Your essay should explain WHAT the sources are saying, but should also analyze HOW they are saying it. We have been practicing this all semester, so you should be getting good at it. If you have concerns about how to approach this, come see Dr. Berry!

Click here to read the Grading Expectations in more detail!

The Debate

In the debate, you will, by utilizing primary documents, argue for or against slavery (the opposite position you researched in your essay) and the need for the Civil War more generally. In the debate, you will play the role of a person who was pro/anti slavery in the 1850s. In the debate, therefore, you will argue from the first person about the righteousness or abomination of abolitionism and whether or not a civil war is necessary.

Importantly, you will be expected to argue AGAINST the perspective you studied and analyzed for the essay! The all-class debate will occur on Dec. 6. You must bring with you to class a one-page explanation of your character. Click here for more information.

 

 

The Grading Rubrics

Grading Expectations for Participation in Debate:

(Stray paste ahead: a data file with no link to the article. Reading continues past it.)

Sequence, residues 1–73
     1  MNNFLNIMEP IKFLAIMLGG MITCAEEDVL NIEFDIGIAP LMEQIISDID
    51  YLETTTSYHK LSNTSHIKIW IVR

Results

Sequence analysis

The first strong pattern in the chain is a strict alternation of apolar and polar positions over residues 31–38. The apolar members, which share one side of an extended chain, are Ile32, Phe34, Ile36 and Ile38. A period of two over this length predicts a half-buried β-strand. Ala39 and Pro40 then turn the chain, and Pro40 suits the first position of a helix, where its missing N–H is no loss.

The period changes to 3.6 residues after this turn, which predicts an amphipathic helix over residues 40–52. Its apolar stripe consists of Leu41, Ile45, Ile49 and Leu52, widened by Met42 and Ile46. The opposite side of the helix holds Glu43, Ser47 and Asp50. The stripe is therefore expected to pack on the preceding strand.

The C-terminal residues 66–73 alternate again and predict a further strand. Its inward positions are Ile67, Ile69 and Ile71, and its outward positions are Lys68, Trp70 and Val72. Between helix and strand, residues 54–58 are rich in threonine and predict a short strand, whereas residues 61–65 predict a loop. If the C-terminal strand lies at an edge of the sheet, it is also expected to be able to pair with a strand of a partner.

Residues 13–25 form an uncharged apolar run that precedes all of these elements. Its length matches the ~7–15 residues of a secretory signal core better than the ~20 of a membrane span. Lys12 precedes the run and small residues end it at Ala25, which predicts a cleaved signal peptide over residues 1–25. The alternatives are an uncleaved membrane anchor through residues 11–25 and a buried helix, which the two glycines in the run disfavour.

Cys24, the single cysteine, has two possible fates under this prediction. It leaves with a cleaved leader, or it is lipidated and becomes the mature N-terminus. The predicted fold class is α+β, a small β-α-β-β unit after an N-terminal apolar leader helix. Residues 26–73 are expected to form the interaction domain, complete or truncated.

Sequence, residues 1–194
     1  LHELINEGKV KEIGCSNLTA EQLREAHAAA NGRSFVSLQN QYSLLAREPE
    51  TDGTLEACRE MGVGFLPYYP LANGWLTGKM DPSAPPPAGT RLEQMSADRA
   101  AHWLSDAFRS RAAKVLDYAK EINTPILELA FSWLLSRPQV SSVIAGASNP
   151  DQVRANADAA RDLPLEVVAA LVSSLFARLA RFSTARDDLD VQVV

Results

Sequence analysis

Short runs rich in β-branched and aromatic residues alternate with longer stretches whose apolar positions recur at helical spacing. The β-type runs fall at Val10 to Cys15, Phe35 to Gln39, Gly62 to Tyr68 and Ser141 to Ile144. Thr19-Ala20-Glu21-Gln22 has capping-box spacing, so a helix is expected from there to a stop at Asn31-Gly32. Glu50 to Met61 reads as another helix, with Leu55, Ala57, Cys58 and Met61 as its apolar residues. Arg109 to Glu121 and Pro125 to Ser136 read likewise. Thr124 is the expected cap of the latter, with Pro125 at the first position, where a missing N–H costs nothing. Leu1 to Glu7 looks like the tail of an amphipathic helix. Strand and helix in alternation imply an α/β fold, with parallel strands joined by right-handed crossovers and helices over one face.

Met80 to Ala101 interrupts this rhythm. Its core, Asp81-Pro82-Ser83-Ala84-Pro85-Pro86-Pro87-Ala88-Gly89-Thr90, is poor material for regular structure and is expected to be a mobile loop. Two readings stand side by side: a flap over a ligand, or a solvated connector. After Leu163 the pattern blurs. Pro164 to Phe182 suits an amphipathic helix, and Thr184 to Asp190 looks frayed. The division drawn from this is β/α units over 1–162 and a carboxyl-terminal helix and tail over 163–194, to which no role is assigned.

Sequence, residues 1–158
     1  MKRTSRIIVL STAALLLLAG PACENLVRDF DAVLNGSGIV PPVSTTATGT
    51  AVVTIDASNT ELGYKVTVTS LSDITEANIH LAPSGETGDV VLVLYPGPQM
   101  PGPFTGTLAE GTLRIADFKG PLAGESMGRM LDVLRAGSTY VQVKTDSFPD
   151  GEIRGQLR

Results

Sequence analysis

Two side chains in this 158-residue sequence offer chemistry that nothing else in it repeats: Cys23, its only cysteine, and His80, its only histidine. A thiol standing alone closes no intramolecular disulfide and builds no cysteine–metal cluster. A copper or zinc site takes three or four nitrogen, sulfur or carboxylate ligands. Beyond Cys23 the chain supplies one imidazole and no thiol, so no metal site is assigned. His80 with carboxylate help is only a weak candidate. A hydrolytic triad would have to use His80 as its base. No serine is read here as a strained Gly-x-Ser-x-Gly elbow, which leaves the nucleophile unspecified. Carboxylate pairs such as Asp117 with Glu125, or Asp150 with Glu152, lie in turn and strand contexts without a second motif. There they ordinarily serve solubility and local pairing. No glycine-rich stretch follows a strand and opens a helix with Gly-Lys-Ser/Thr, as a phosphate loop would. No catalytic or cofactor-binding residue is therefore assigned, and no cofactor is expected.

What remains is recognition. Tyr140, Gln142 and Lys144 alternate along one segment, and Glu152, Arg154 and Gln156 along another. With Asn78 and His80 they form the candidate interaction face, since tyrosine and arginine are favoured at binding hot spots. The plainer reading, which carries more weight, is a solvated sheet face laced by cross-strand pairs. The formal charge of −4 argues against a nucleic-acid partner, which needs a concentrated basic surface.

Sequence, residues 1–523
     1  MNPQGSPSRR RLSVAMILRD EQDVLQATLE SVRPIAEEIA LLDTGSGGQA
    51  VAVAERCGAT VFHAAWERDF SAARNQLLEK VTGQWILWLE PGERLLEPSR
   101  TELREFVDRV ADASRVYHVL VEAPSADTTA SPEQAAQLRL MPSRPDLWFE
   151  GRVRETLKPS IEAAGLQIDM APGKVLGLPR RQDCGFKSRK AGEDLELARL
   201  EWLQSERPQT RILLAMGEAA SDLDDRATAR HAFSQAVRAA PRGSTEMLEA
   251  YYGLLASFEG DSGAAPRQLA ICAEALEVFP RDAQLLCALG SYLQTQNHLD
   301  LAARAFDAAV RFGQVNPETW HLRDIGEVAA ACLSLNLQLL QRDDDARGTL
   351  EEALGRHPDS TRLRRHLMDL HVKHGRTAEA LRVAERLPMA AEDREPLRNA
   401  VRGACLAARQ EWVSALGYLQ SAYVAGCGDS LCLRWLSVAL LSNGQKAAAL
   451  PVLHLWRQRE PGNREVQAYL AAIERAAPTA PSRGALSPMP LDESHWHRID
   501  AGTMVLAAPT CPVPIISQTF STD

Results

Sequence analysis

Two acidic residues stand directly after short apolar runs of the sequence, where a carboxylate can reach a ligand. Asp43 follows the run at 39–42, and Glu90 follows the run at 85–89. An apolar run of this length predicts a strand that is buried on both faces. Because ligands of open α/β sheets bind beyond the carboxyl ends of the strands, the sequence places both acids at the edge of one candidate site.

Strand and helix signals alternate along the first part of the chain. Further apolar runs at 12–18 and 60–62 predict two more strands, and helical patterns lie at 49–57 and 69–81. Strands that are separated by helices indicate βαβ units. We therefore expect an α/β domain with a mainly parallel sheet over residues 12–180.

A = Student presents her/his position in a well-informed manner at least once during the debate; student takes the opportunity to rebut another person’s stance on the issue at least once during the debate; student treats all others in the debate with respect
B = Student discusses in the small group, but is quiet during the larger group debate; student is well-informed about her/his position but does not assert it in order to rebut another’s position; student treats all others in the debate with respect
C =  Student does not verbally represent her/his position; student does not participate in either the small group or large group discussion verbally but attentively listens to the activity; student treats all others in the debate with respect

The Liberator
A picture of The Liberator -- one of the most influential abolitionist publications in America. Borrowed from: http://www.loc.gov/exhibits/african/afam007.html